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I have parsed an api which returns a unixtimestamp for last updated value. I am trying to convert it into NSDate. The code is below

NSDate *date = [NSDate dateWithTimeIntervalSince1970:[[[feedCount objectAtIndex:i] objectForKey:@"firstitemmsec"] intValue]];
NSLog(@"%@", date);

When I NSLog the date, I am getting date like this:

2038-01-19 03:14:07 +0000

The above date is obviously wrong

What is the mistake in the above code?

EDIT: my unixtimestamp is

"firstitemmsec":"1264396813500"

This value is obviously bigger for int. So how best can I handle this situation

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3 Answers 3

up vote 4 down vote accepted

Unix timestamps are in seconds, the value you have looks like a number of milliseconds since 1st January 1970. If you divide by 1000, you get 1264396813, which according to this converter is:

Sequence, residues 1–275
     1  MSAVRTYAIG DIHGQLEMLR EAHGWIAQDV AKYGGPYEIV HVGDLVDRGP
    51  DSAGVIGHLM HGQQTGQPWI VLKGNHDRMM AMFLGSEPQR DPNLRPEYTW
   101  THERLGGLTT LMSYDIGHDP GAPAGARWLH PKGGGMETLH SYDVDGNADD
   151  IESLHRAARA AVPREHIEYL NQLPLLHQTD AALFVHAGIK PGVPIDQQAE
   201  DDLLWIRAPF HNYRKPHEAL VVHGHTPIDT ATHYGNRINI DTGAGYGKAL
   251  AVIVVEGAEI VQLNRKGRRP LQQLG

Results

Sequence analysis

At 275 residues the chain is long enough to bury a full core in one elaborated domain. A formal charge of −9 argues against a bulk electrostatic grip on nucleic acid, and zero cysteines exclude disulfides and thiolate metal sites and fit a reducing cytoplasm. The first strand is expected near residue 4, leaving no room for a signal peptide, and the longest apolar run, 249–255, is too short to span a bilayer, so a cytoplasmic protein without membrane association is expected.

Mon, 25 Jan 2010 05:20:13 GMT
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Check the value of [[[feedCount objectAtIndex:i] objectForKey:@"firstitemmsec"] intValue]--odds seem good that it's not a valid UNIX timestamp (okay, it is since any int value is on iOS, but obviously it's not the right value.)

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I have my unixtimestamp as "1264396813500". But converting to int will obviously destroy the value. What is the best solution for this? –  iSee Jan 27 '11 at 6:45
    
That's well out of the range of UNIX timestamps, i.e. it's not a valid time_t value. What's the actual date/time it's supposed to represent? –  Jonathan Grynspan Jan 27 '11 at 12:59

I think there's another to do. Erase the "500" at the end of your number wich is an error code from the server and you have a right unix time ;)

There was probably an error or a bug on your server... ???

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